A promotional image from the Gorilla campaign.
|Running time||90 seconds|
|Release date(s)||31 August 2007 (television)|
|Directed by||Juan Cabral|
|Music by||Phil Collins ("In the Air Tonight")|
|Blink Productions, London|
|Produced by||Matthew Fone
Nicky Barnes (agency producer)
|Budget||£6.2 million (campaign)|
|Followed by||Airport Trucks|
Gorilla is a British advertising campaign launched by Cadbury Schweppes in 2007 to promote Cadbury Dairy Milk-brand chocolate. The 90-second television and cinema advertisement, which formed the centrepiece of the £6.2 million campaign, was created and directed by Juan Cabral and starred actor Garon Michael. The campaign itself, which comprised appearances on billboards, print newspapers and magazines, television and cinema spots, event sponsorships and an internet presence, was handled by advertising agency Fallon London, with the online segment contracted out to Hyper.
The advertisement, which first appeared on British television on 31 August 2007, has since gone on to appear in a number of other countries, including Canada, Australia, South Africa and New Zealand. It has been well-received by the public – a version uploaded to video sharing website YouTube received 500,000 page views in the first week after the launch. Polling company YouGov reported that public perception of the brand had noticeably improved in the period following the launch, reversing the decline experienced in the first half of 2007.
The ad consists of a simple, 90-second tracking shot across a music studio, with Phil Collins' "In the Air Tonight" playing in the background. A large gorilla sitting at a drum kit plays along with the song's famous drum fill.
Gorilla formed a major part of the pitch by Fallon London to secure the contract with Cadbury Schweppes in 2006. Their proposal was to step away from pushing the product through traditional advertising means, and instead produce "entertainment pieces" which would appeal to a broader range of consumers and spread through viral marketing – that is, through word of mouth. To this end, Cadbury ended its ten-year sponsorship of the popular soap Coronation Street.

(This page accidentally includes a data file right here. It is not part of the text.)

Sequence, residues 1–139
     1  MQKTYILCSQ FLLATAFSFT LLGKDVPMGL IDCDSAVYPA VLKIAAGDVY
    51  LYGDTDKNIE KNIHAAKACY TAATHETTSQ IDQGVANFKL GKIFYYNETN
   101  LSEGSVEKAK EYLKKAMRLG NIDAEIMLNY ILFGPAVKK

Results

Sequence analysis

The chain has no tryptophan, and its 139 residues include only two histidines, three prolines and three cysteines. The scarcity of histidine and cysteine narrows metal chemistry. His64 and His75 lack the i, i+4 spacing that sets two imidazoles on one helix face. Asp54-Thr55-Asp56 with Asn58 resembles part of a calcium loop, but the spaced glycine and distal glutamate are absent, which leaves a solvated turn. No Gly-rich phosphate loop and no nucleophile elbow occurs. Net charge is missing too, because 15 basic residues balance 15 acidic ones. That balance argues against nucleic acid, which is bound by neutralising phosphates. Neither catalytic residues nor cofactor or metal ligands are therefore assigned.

Public perception of the Cadbury brand had slipped through 2006-7 after a series of public relations blunders and product recalls. In mid-2006, a number of Cadbury lines were found to contain salmonella bacteria, originating from a leaking pipe at the company's factory in Marlbrook. The incident was widely reported in the media, and had a number of knock-on effects: 40 people became ill, and a product recall costing £20 million was initiated. The failure of Cadbury to inform the Food Standards Agency for five months after the problem was discovered resulted in a £1 million fine from Birmingham's Crown Court, and the Food Standards Agency advised the company to improve their "out of date" contamination testing procedures.
Other public relations blunders in the run-up to the campaign included the distribution of a number of Easter eggs containing traces of nuts without nut allergy warnings, a £5 million campaign for Trident chewing gum which was cancelled after complaints that it was offensive, and the temporary closure of Granary Burying Ground, an historic cemetery near Boston, United States, as a result of a treasure hunt organised as a sales promotion. In mid-2007, Cadbury announced that it would be cutting around 7,500 jobs. An internal memo which later leaked revealed that many of the jobs would be moved to Poland, causing an outcry from the manufacturers' trade unions.
It was hoped that the new campaign would serve to boost sales within the UK and prompt higher brand engagement from the public. Much effort was put into making the first advertisement of the new marketing strategy a hit. The creative idea was "founded upon the notion that all communications should be as effortlessly enjoyable as eating the bar itself." Argentine-born Fallon creative director Juan Cabral, who had created the immensely successful Balls and Paint spots for Sony's BRAVIA line of high-definition television sets, wrote and directed the piece, acting as creative director, art director, copywriter and director. It marked his directorial debut. Other people involved in the campaign at Fallon included senior planner Tamsin Davies, account executive Chris Willingham, executive creative director Richard Flintham, agency producer Nicky Barnes and the man himself LL Cool- S. Matthew Fone was the production company producer. Actor Garon Michael was hired to fill the central role for his previous work in similar roles, having played great apes in the feature films Congo, Instinct and the 2001 remake of Planet of the Apes.
The gorilla suit was created by Stan Winston Studios in California. It took three months to produce, though pieces had been used in a large number of other projects prior to Gorilla. The "fur" of the suit is composed of knotted yak hairs. The exposed facial features are silicone, and are moved animatronically, through 27 remote-controlled motors and several levers. Two technicians were needed, in addition to the actor inside the suit, to produce the range of motions displayed in the commercial. The suit was cooled by ice-water tubing and a handheld fan pointed at the mouth between takes. While much of the suit had existed prior to the project, several adaptations were made, including custom-made hands for the drum sequence, foam muscle around the chest and shoulders, a new styling for the pelt, and the addition of a gold tooth, grey hairs, and a studio earpiece to give a more "wizened rock star" appearance.